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information: questions and answers

Questions and answers about the October 1999 Clinton Announcement

What legal authority does the executive branch possess to take administrative action to establish protection of national forests roadless areas?

Various federal laws provide more than ample authority for executive action through the Secretary of Agriculture. Among them are the original grant from Congress in 1897, National Forest Management Act (NMFA), the Forest and Rangeland Renewable Resources Planning Act (RPA). At least one set of Forest Service regulations creates a mechanism for the wholesale preservation of national forest lands natural values. Under these regulations the Forest Service Chief may classify lands as managed principally for recreation use substantially in their natural condition.

Generally, the opponents of this initiative will vehemently argue that the Administration has all the authority in the world to clearcut our forests but no authority to protect them.

Isnt this announcement a surprise to everyone, including the public and Congress?

This process has actually been underway since November 1997 when President Clinton directed the U.S. Forest Service to promulgate a science-based policy for national forest roadless area management. Since that time, there have been open houses in more than two dozen locations around the country. In February 1999, Secretary of Agriculture Dan Glickman held a public press conference to implement an 18-month moratorium on new roadbuilding in 33 million acres of national forest roadless areas. The U.S. Forest Service states unequivocally on its Web site that a proposed rule on roadbuilding in roadless areas should be published in late 1999.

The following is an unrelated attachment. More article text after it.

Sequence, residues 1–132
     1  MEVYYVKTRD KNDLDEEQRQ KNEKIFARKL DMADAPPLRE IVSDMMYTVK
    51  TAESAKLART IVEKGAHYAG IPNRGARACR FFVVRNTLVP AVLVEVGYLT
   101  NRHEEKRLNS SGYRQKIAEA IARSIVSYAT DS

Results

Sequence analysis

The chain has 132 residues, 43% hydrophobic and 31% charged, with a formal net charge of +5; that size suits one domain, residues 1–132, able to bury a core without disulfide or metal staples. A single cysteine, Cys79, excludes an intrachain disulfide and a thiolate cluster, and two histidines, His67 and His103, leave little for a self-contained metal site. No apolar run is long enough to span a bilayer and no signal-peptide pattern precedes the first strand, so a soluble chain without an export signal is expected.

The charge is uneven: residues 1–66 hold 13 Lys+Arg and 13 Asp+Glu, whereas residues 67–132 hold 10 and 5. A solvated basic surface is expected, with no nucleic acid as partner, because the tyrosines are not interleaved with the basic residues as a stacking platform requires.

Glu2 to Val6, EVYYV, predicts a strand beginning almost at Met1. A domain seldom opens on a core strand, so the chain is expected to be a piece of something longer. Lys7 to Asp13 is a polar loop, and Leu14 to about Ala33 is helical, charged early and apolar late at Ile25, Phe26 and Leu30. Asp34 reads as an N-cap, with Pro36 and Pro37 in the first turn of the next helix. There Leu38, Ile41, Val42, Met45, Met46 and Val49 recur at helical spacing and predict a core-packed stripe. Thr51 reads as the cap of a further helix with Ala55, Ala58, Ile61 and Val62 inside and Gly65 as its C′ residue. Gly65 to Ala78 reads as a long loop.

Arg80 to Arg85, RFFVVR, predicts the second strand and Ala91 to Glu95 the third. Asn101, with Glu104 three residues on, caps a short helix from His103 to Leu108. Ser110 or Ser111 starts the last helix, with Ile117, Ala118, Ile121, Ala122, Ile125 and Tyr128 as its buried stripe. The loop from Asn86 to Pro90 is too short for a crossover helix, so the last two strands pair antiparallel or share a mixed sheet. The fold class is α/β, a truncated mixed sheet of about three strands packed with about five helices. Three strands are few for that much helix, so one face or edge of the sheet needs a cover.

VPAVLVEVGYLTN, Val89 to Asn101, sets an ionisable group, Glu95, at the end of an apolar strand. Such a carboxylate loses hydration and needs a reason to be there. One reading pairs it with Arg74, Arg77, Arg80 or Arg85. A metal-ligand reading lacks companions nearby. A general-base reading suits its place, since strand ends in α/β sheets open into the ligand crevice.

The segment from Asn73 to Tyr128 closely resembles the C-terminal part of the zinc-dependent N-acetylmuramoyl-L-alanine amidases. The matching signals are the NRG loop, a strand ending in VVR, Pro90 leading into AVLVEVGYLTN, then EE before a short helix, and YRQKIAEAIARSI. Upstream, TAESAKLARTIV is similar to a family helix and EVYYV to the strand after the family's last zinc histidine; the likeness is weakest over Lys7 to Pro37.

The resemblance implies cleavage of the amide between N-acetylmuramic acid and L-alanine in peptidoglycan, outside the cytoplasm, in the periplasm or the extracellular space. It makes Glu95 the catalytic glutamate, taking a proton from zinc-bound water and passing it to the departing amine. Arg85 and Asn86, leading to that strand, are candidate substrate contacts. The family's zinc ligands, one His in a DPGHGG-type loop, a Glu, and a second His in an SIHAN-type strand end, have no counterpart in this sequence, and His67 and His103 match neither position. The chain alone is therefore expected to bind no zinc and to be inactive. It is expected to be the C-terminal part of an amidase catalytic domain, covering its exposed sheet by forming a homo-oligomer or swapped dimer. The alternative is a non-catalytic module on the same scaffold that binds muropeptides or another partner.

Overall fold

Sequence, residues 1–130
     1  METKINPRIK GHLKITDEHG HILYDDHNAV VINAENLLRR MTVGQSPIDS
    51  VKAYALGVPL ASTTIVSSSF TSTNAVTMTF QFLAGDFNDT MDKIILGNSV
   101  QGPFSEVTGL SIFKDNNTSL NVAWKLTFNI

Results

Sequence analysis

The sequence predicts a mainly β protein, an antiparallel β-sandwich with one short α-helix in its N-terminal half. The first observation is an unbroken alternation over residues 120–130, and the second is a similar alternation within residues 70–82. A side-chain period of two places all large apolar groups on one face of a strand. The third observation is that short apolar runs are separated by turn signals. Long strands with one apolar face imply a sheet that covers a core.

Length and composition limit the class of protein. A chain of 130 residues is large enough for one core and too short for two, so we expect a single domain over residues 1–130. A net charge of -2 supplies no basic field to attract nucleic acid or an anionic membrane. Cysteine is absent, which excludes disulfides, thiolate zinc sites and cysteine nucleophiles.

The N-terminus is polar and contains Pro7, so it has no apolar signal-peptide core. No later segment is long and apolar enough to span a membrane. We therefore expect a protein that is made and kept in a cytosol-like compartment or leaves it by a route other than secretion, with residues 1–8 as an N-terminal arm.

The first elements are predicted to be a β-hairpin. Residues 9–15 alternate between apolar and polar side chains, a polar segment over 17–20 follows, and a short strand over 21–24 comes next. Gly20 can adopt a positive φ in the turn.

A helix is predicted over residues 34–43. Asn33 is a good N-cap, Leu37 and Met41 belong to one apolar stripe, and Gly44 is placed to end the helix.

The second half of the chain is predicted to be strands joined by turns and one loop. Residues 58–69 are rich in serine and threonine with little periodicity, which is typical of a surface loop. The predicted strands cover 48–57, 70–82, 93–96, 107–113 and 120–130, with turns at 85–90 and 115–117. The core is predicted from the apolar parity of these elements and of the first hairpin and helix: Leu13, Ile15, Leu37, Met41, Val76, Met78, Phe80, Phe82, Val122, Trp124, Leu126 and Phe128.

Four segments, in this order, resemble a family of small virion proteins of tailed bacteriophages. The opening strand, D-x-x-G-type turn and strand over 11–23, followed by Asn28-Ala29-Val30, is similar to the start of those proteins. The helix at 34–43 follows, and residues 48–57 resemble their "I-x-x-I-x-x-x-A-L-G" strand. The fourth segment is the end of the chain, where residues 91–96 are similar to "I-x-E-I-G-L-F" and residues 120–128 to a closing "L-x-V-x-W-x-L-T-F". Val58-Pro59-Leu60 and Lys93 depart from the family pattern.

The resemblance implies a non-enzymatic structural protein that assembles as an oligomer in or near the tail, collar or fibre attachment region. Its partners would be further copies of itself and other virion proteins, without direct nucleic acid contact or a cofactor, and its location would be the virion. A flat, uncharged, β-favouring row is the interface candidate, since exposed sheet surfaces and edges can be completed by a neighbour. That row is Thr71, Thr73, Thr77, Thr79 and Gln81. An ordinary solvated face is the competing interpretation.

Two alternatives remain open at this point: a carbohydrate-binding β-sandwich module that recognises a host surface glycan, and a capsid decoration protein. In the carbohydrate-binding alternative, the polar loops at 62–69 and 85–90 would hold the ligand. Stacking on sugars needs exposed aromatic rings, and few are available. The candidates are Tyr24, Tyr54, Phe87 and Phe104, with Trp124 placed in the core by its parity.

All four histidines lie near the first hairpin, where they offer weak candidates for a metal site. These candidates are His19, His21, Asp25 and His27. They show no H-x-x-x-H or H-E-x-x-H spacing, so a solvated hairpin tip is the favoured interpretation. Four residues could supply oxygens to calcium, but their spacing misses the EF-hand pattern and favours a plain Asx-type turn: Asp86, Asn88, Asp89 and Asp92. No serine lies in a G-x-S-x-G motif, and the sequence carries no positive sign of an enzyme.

To date, the Clinton Administration has heard from 500,000 citizens who sent emails and postcards, more than 300 religious leaders, more than 200 scientists, 168 members of Congress, and 600 conservation organizations. The public is and has been fully engaged in this process from the beginning.

Isnt this going to hurt the nations timber companies?

Hardly. The national forests provide barely 4 percent of the nations total wood supply. Of that meager amount, the Forest Service estimates that only a fraction (about 4 percent of 54 percent) is likely to affected over the next two years by the roadbuilding moratorium. A permanent ban on roadbuilding and logging would have a minimal adverse impact on logging in the national forests. And, a majority of America's forests are privately owned (393 million acres), according to the Forest Service.

What is the economics of recreation versus logging?

In 1997, national forests accommodated more than 40% of all outdoor recreation use on public lands in the United States, according to the Forest Service. Recreational use in the national forest system is projected to increase from 729 million visitor-use-days in 1993 to 1.2 billion in 2040.